2 The procedure
2.1.1 Hepatocellular carcinoma is one of two common malignant tumours affecting the liver. The majority of malignant liver tumours are unsuitable for surgical excision because of their number, distribution and/or the presence of residual disease elsewhere. Therefore, a number of alternative treatments have been developed, of which RFA is one.
2.2.1 RFA is a recently developed minimally invasive technique that destroys tissue by heating. Electrodes are inserted percutaneously into the tumour and current is applied to generate local heating and destroy tissue.
2.3.1 There is evidence that RFA results in tumour destruction, which may be associated with higher survival rates. For more details refer to the overview (see 'Sources of evidence considered by the Committee').
2.4.1 Complications of RFA are not common, but include hepatic abscess and injury to bile ducts. The rate of complications appears lower than that with alternative treatments. Evidence suggests a mortality rate of 1% or less. For more details refer to the overview (see 'Sources of evidence considered by the Committee').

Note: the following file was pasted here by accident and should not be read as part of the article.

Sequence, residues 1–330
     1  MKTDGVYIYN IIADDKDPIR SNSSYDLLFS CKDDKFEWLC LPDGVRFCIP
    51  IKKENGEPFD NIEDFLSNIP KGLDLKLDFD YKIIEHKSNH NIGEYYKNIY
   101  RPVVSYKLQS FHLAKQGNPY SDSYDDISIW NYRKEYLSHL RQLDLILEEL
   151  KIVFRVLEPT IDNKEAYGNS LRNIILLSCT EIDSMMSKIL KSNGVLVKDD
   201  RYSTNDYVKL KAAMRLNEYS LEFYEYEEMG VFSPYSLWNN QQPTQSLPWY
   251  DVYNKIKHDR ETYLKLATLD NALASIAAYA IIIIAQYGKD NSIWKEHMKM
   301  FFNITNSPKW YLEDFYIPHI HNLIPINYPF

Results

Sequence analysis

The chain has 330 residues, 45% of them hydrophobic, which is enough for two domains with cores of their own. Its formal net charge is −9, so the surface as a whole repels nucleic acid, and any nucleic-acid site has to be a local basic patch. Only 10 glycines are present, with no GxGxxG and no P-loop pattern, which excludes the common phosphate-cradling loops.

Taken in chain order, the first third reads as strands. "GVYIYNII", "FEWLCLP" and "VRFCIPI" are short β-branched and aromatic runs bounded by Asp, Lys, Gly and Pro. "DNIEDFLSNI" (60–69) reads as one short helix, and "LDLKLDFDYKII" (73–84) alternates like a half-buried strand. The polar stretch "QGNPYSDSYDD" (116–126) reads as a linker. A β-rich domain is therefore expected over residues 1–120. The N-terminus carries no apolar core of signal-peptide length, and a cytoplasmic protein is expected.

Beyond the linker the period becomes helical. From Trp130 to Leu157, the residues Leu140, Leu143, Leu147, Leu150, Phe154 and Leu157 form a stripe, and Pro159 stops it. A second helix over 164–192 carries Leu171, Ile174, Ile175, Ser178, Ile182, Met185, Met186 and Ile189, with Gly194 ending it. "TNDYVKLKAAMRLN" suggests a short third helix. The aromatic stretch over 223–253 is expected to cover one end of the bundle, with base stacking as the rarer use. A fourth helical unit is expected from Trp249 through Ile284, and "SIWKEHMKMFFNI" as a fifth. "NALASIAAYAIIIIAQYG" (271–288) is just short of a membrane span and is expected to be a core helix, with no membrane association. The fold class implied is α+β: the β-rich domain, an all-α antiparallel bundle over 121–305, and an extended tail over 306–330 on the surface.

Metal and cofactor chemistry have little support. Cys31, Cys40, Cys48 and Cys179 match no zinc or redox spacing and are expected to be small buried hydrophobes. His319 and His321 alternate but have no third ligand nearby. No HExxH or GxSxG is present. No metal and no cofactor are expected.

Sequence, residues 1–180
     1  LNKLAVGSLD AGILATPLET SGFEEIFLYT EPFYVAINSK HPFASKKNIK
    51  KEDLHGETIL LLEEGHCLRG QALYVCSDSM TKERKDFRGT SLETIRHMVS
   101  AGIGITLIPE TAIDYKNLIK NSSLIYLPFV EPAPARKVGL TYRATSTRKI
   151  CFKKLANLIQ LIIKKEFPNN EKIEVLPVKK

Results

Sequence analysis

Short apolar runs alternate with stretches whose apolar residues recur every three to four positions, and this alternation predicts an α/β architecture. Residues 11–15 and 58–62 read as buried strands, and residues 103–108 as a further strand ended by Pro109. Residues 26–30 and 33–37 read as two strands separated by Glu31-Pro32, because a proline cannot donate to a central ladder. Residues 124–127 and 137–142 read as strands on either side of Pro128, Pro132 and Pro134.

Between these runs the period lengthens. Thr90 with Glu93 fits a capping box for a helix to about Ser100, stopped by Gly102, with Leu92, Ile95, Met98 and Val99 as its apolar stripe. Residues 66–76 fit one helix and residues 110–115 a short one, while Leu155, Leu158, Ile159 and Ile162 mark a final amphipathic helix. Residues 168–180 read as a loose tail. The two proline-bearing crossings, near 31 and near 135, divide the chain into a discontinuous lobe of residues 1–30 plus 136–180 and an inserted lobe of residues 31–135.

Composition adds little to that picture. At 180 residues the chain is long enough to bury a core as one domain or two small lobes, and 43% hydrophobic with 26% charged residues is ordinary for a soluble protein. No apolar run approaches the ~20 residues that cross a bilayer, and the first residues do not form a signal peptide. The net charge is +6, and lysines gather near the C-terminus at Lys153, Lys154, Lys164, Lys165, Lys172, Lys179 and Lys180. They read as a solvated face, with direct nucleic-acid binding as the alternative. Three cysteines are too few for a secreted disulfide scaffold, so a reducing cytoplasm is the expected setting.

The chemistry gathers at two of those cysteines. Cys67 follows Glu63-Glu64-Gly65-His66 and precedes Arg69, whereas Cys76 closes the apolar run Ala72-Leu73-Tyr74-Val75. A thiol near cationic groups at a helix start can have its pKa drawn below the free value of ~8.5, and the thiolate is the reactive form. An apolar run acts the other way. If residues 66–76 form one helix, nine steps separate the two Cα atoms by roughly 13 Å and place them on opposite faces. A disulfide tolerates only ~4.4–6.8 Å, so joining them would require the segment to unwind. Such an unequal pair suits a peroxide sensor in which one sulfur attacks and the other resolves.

2.4.2 The specialist advisors suggested the complication rate to be 3–5%.
2.5.1 The Committee noted that there was less evidence available about the safety and efficacy of RFA in treatment of colorectal metastases. Guidance for this indication will be postponed pending the publication of a systematic review by the Australian Medical Services Advisory Committee.